As an addict involved in the LDS Addiction Recovery Program, I had to dig deep to find and embrace my inner Mormon. What follows is my journal from this point forward.

Wednesday, July 4, 2012

Facebook is the public forum for debate.


A recent Facebook post by a person I hold in the highest regard suggested that we shouldn't use Facebook for pushing our views on others.  I understand her loathing of arguments filled with nasty comments or quips that look good on a bumper sticker but mean nothing.  I share them.  But I also welcome debate and find FB a good forum for it.  My response to her comment is below.

While use of mocking language or personal attacks certainly make any debate unpleasant, debate itself can be very positive.  I like FB debates because they take out the problems of verbal debates, emotional and rapid responses, interruptions, lack of a moderator when more than two are involved.

The idea that the voicing of opinions is separate from trying to change another's view puzzles me.  The point of free speech is so we can exchange variations of ideas and pursue persuasion of another's view.  The whole point of these freedoms is so evidence can be shared, theories presented, ideas exchanged so that we can change the world and the world changes first by changing ourselves and ourselves are changed by first examining our thoughts.

Isn't this better than sound bites on CNN/Fox/MSNBC?  Isn't this a better way than mocking a president or a presidential candidate?  If you don't debate where one can freely share, we leave our views to be developed by reckless pundits whose true interest, regardless of which side  they stand, is money and ratings.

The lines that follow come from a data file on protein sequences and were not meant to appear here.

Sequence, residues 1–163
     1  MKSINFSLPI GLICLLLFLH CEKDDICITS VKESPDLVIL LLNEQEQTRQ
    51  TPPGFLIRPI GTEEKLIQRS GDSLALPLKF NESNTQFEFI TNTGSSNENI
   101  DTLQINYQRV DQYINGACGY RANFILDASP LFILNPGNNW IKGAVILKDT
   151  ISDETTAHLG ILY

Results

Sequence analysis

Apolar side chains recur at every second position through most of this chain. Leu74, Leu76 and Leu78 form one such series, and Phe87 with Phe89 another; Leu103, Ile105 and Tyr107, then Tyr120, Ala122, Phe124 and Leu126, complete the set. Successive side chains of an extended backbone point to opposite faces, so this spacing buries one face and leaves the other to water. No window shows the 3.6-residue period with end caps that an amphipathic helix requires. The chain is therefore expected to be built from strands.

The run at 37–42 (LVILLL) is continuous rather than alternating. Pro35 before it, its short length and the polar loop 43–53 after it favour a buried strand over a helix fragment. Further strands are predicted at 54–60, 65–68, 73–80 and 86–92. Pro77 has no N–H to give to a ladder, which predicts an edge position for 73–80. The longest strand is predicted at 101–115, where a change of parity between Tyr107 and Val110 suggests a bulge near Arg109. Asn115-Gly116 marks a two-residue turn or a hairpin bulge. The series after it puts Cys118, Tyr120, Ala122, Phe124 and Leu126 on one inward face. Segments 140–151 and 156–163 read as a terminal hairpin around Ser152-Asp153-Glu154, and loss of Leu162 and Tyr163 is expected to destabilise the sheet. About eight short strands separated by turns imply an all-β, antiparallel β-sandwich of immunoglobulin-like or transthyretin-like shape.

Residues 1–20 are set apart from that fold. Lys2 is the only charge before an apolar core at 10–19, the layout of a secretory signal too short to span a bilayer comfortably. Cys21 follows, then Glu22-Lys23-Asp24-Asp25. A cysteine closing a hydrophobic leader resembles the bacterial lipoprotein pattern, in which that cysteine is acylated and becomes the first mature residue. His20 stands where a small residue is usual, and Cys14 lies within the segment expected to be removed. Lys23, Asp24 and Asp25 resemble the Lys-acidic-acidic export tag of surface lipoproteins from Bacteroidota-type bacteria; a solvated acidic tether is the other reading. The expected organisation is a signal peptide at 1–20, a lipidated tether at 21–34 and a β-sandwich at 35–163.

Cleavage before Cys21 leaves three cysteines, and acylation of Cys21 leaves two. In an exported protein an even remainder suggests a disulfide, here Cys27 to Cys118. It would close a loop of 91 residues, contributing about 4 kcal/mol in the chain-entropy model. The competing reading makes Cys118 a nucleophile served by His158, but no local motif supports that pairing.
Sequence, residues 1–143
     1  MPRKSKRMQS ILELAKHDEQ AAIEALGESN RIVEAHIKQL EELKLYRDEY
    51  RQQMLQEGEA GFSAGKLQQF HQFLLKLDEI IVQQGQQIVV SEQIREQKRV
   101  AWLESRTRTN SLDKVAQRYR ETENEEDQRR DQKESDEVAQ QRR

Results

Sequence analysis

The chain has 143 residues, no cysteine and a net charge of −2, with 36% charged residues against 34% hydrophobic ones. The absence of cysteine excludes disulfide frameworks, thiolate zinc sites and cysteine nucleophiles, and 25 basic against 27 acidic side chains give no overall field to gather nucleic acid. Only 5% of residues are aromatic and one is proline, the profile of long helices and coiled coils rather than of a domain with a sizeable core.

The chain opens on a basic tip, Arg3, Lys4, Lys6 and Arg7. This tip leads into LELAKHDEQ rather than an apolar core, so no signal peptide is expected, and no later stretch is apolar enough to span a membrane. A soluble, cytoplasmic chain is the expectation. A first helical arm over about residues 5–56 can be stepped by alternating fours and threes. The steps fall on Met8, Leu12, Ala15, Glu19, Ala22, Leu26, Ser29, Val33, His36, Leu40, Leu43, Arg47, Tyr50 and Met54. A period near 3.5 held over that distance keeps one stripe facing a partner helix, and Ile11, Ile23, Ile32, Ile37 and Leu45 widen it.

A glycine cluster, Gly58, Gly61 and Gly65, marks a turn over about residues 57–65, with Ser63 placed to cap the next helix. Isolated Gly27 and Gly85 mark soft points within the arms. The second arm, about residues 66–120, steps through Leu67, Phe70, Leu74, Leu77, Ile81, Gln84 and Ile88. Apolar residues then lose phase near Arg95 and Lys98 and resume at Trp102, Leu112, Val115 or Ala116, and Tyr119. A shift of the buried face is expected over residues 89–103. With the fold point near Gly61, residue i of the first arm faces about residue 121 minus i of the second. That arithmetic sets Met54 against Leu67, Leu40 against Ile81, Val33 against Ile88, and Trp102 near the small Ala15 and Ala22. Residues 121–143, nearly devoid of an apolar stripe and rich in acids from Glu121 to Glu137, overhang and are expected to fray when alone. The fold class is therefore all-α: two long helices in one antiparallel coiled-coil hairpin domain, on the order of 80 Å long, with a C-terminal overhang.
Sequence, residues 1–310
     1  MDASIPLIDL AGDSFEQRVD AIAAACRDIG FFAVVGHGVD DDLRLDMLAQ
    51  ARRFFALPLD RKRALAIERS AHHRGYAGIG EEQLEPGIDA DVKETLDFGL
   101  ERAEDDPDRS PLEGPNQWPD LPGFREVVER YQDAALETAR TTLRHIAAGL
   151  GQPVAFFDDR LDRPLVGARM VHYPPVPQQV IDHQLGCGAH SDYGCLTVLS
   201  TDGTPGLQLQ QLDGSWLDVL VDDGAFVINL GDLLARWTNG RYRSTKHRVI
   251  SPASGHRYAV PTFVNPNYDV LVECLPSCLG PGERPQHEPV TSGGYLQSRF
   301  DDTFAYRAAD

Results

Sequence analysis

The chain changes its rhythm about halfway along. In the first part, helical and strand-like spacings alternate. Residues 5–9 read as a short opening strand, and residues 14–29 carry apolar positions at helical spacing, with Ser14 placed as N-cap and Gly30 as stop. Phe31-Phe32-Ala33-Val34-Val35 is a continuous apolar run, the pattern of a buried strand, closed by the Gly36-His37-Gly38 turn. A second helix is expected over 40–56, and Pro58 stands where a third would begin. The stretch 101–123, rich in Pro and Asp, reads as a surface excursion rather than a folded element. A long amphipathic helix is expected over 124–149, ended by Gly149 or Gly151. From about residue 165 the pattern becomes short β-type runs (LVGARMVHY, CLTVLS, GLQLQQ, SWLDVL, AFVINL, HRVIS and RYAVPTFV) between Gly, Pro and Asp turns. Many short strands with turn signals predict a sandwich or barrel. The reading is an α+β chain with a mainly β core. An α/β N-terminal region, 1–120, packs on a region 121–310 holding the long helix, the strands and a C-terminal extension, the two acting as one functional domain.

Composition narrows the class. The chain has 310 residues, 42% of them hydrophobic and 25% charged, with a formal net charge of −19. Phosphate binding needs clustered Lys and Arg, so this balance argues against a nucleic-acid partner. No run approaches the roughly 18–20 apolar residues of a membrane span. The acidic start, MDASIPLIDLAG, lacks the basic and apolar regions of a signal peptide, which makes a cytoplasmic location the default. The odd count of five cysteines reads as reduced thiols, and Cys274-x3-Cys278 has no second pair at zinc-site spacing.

We go around saying we shouldn't discuss politics or religion and then sit in front of agenda driven TV and let the financial and monetary elites tell us what to think about both. We then tune out those who disagree with us and only notice them when they make mistakes. Then we go around hanging out only with those who think the same as us and forget that we do need people who can say, maybe we should reconsider.  Sometimes we need friends, sometimes we need people who annoy us.

Facebook is the platform of the people. If we tell ourselves to shut up about issues here, those who know how to broker power will take that hole left and use it to further manage how we think.  I can think of no greater joy than the use of social networking to create social change and not greater abuse than to stop it because it annoys others.

In fact the reason FB may have so much ugliness in debate may be because we have forgotten how to debate the issues.  We may be following the example of the TV and injecting so much pride and anger in our positions that any challenge is viewed as a direct attack on the poster. This isn't debate, this is pride. We need to learn how to discourse and discuss.  We need to learn that the win is in the learning and growing.

Speech is persuasion first, junk food later.  Let us all take this day and remember that one of the reasons we celebrate it is because we have the right to voice our disparate views.  We all live in a time when freedom of speech and press and gathering are greater than ever because the tools to engage in it are now ours to have more than ever.  The best way to celebrate the 4th is to get on FB and start a debate.  It is the very essence of why we celebrate our independence.

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